"In starting RVP, what I didn’t fully factor in was that in reality, the majority of my time would be spent marketing and running the business side of my dream. I soon came to the realization that the time actually spent out in the field finding unique perspectives of a variety of subjects would represent less than half of my workday."

Of course, there’s not a solopreneur reading this who can’t relate to those words. And it brings to mind the words of legendary ad man, David Ogilvy, who, in seven words, captured the cold, hard reality of the "free agent" lifestyle:

"If it doesn’t sell, it isn’t creative."

I realize I may be taking his words out of context (or not), but the fact is, as a solopreneur, I am – first and foremost – a marketer. That doesn’t mean I have to put on my magical marketing hat each time I need a new client. In fact, that type of on-again-off-again approach drains me quicker than a PBS special on 17Th century ballroom attire. No thanks.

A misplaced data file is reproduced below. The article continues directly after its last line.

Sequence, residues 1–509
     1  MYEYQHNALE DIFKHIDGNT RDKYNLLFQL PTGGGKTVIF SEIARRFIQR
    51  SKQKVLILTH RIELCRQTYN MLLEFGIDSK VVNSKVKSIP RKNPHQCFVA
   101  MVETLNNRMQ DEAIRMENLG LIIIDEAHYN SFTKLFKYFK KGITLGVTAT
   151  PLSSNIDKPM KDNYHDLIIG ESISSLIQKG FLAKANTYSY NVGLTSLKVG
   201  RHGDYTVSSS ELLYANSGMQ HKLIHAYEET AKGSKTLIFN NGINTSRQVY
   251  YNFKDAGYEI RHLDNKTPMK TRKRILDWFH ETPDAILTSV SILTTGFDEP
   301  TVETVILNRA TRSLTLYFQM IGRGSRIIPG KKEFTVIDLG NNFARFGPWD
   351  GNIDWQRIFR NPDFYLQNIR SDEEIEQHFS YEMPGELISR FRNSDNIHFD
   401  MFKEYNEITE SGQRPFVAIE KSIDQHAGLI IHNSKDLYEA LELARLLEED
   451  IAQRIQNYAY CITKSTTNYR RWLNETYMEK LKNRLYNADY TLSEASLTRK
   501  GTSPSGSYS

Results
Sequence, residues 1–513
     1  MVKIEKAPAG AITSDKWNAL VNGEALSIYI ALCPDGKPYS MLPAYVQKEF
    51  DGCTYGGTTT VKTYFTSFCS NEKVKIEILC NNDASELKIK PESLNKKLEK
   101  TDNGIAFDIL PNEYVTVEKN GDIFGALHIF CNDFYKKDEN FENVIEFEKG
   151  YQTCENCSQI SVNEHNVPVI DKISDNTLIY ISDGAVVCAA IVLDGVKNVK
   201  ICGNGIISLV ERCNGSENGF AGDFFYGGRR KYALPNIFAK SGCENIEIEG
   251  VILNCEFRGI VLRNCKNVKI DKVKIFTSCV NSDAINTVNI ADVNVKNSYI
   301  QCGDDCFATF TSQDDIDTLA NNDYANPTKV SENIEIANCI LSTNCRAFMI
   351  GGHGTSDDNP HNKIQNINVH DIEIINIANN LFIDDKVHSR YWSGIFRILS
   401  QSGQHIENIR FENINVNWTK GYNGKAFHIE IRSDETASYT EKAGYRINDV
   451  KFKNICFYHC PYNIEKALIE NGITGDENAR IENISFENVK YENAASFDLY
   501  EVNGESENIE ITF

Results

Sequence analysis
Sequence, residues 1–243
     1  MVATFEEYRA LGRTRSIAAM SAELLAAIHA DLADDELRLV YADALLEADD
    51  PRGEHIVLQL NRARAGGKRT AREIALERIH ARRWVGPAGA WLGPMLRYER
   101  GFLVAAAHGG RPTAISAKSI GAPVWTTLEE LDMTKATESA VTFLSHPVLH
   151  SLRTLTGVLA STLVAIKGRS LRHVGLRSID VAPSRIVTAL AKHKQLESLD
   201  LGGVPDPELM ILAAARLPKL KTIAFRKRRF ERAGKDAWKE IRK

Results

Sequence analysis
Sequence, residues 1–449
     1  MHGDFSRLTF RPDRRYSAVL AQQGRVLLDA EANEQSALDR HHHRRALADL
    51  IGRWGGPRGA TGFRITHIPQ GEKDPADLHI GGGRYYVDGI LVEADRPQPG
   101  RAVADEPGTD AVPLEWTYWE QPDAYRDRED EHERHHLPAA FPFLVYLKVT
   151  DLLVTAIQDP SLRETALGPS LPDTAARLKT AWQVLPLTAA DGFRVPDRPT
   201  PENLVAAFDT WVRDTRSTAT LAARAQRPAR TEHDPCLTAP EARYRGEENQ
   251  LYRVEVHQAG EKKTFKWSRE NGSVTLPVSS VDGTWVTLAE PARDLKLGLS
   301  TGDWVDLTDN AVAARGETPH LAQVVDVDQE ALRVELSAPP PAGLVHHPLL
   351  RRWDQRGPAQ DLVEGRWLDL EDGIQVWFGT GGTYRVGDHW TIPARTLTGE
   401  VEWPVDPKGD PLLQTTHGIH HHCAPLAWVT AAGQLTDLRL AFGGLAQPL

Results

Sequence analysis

For me, what works best is to be always on. Always marketing. Of course, it helps tremendously to know who my ideal clients are. The biggest marketing mistake I see solopreneurs committing is they don’t clearly define their ideal client. I think marketing today is about connecting with people and engaging in a conversation with them.  If you don’t know who you’re talking to, or if you try to converse with too many different types of people at once, your message falls on deaf ears. And you’re back to watching your PBS special.

If you’re a solopreneur, I’m marketing to you right now. Does it feel like I’m marketing to you (if it does, I’m not doing it right)?  It doesn’t feel like it to me. Some call it relationship marketing. Others call it brand building. For me, it’s a conversation (you can talk back by clicking on the "comments" link below), and I get to express my creativity at the same time.

If our friend Ralph Velasco up there could figure out a way to merge his marketing with his creative endeavors, maybe he’d be celebrating instead of lamenting. Of course, you have to give him credit for getting some good PR out of the deal. Maybe his lament is really marketing in disguise. Hmmm.

Branding Is Demonstrating

This post is by Michael Pollock, the original owner of Small Business Branding. Yaro Starak now owns and produces the latest content for this blog.

>> Return to the Small Business Branding front page <<